Likewise, we know the legislative scheme increases the consequences of not stopping based on the significance of the accident; hitting Pearce must be treated more seriously than hitting his bike. Given the legislature's clear purpose and manifest scheme, can we say its use of the term “injury” was not intended to include

its plain meaning, including “damage” or “harm” or “hurt”? We cannot say so consistent with its purpose. If that is the case, then Pearce could be injured whether alive or not, for surely being run over by a car would damage his body.

We know that the legislature intended that appellee had an obligation to stop if he hit so much as Pearce's bike. A fortiori, it could not mean his obligation was eliminated if he hit Pearce himself, yet that would be the result of a contrary finding. If a deceased person is not capable of being “injured” (harmed, hurt, marred, or damaged), there is no obligation to stop at all after running over the body—if damage but not injury is all one may do to the body, one need not stop unless the law considers Pearce's body to be “unattended property” under § 3745. This cannot be the result the legislature intended; a person does not turn into mere property upon their death, certainly not for purposes of a driver's obligations under the Vehicle Code.

We find, therefore, the term “resulting in injury” must include causing harm or damage to the body of a human, whether deceased or not. To find otherwise would defeat the legislative scheme, and would be offensive to our notions of the value of the person. Accordingly, we find 75 Pa.C.S. §§ 3742(a), 3744(a), and 3746(a)(1), apply whether the victim was alive at the time appellee's vehicle collided with him or not.

The order of the Superior Court is reversed.

Jurisdiction relinquished.

Chief Justice CASTILLE, Justices McCAFFERY and ORIE MELVIN join the opinion.

Justice SAYLOR files a concurring opinion.

Justice BAER files a concurring and dissenting opinion in which Justice TODD joins.

Justice SAYLOR, concurring.

In my view, the concept of being “involved in an accident,” for purposes of the obligation to stop under Section 3742(a) of the Vehicle Code, may readily and reasonably be understood as encompassing a situation where a driver physically and materially impacts the accident scene, even if there is some temporal lapse following the initial accident. That said, like Mr. Justice Baer, I have some difficulty with the majority's alternate explanations in support of its holding.

Justice BAER, concurring and dissenting.

I concur in the majority's conclusion that the lower courts erred in determining, respectively, that the accident at issue automatically ended when the victim expired and, alternatively, that the Commonwealth was obligated to prove that Appellee, Gregory Wisneski, caused the Victim's death in order for the statutory requirements that he stop at the scene, give information, render aid and notify police to be applicable. 75 Pa.C.S. §§ 3742(a), 3744(a), 3746 (hereinafter “statute”). I, likewise, believe the majority correctly observes that given the procedural posture of the case, i.e., dismissal upon Appellee's habeas corpus petition, it cannot definitively be said whether Appellee was “involved in an accident resulting in injury or death of any person.” Thus, I believe a remand for further proceedings is warranted and a determination by a jury 1 should be made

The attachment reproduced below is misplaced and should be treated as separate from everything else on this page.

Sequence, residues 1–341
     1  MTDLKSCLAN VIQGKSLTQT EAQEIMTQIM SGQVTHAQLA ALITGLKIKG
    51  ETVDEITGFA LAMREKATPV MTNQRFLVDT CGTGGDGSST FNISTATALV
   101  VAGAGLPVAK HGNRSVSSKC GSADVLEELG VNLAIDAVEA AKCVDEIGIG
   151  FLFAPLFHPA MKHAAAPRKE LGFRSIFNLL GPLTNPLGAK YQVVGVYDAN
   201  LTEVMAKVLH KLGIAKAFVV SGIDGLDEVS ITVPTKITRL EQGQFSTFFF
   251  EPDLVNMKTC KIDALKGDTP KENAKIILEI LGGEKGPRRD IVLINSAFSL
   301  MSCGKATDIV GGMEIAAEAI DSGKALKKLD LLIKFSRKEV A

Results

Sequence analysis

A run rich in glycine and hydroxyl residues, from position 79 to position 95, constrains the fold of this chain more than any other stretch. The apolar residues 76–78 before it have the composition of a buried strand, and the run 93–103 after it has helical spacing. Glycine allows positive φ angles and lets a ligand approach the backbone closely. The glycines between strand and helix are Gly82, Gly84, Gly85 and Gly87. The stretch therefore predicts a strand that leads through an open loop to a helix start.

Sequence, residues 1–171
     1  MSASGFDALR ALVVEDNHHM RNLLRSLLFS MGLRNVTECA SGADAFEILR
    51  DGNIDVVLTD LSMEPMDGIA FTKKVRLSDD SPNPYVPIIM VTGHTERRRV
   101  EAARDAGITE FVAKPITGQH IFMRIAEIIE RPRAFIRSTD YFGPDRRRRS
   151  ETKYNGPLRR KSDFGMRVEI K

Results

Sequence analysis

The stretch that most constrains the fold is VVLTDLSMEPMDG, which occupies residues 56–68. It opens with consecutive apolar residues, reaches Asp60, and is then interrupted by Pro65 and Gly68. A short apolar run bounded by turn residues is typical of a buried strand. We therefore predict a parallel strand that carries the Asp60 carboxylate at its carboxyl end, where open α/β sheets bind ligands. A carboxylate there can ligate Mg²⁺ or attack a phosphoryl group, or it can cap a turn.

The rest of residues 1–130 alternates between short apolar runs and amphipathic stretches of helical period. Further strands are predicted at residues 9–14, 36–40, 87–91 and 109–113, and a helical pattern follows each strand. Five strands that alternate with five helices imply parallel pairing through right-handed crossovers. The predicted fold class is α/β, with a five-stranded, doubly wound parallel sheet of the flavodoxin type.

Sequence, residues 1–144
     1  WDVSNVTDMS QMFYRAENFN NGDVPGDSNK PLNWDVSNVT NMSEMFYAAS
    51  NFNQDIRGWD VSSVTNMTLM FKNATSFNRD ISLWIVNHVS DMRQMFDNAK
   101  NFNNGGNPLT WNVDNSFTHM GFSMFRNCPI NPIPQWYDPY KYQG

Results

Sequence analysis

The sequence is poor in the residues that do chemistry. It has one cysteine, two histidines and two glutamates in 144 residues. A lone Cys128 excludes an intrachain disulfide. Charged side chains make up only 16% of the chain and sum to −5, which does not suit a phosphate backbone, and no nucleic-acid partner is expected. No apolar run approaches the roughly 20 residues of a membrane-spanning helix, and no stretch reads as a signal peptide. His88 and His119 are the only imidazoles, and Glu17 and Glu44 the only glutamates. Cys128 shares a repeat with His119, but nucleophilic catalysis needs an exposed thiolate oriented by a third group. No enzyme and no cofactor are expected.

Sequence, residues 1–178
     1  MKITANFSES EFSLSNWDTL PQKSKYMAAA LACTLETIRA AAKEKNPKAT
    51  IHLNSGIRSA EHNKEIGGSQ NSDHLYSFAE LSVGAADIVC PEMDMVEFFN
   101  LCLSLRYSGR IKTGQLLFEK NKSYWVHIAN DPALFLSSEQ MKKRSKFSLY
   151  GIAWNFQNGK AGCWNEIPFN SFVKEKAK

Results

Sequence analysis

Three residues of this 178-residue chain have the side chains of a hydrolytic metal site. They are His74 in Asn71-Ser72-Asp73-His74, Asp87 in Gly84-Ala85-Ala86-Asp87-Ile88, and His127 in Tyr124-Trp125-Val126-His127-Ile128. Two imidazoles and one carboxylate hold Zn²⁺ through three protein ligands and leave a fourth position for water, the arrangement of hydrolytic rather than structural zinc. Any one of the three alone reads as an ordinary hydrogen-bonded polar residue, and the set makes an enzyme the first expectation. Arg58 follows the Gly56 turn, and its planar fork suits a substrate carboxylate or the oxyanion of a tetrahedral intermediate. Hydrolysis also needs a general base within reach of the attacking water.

regarding whether this was “an accident resulting in injury or death of any person.” I disagree respectively with the majority's reasoning that Appellee was obligated to stop under the circumstances of this case because a dead body can be “injured,” and, therefore, the striking of a corpse constitutes an accident “resulting in injury” for purposes of the statute.

As aptly observed by the majority, the obligation to stop pursuant to the statute at issue is not triggered by the timing of when the victim expires, nor by who caused the accident or the victim's death. Maj. Op. at 1153. Rather, all that the statute requires is that the driver be “involved” in an accident where injury or death has occurred. As there is no question that death occurred in this instance, the relevant inquiry then becomes what constitutes an accident, and what is its duration, for purposes of the statute. As the majority points out, one can imagine endless scenarios of accidents concluding swiftly or continuing for a greater duration. In my view, where there is a factual dispute, as here, regarding whether the events at issue constitute an ongoing accident for purposes of the statute, it is for a jury to resolve that question.

Accordingly, I would reverse the lower courts' dismissal of the case on Appellee's habeas petition and remand for trial. It is for a factfinder to determine when the accident ended and if Appellee was or was not, therefore, involved in “an accident resulting in injury or death” when he struck the Victim.

Because I would resolve the case as set forth above, I would not, as the majority does, go on to address the argument forwarded by amici, that even if Appellee struck Victim after he had expired, this would constitute an injury for purposes of the statute at issue. Moreover, with regard to this topic, I do not agree with the majority's conclusion that the statutory language at issue should be read to include injury to a deceased person. The statute speaks of an accident involving either “the injury or death of any person,” contemplating, in the conjunctive, one or the other so long as either occurs to a “person.” Respectfully, I find strained, at best, the majority's conclusion that the hitting of a deceased's body represents an injury to a person under this statutory scheme. Rather, I believe it clear from the totality of the legislative language that the statute was intended to apply to a driver who kills or injures a living person. There are other sections of the Vehicle Code dealing with damages to property, but they are not within the scope of this appeal, and their language or rationale should not be conflated herewith to justify the majority's broader reading regarding this narrow provision of the law. Thus, on this point, I am in dissent.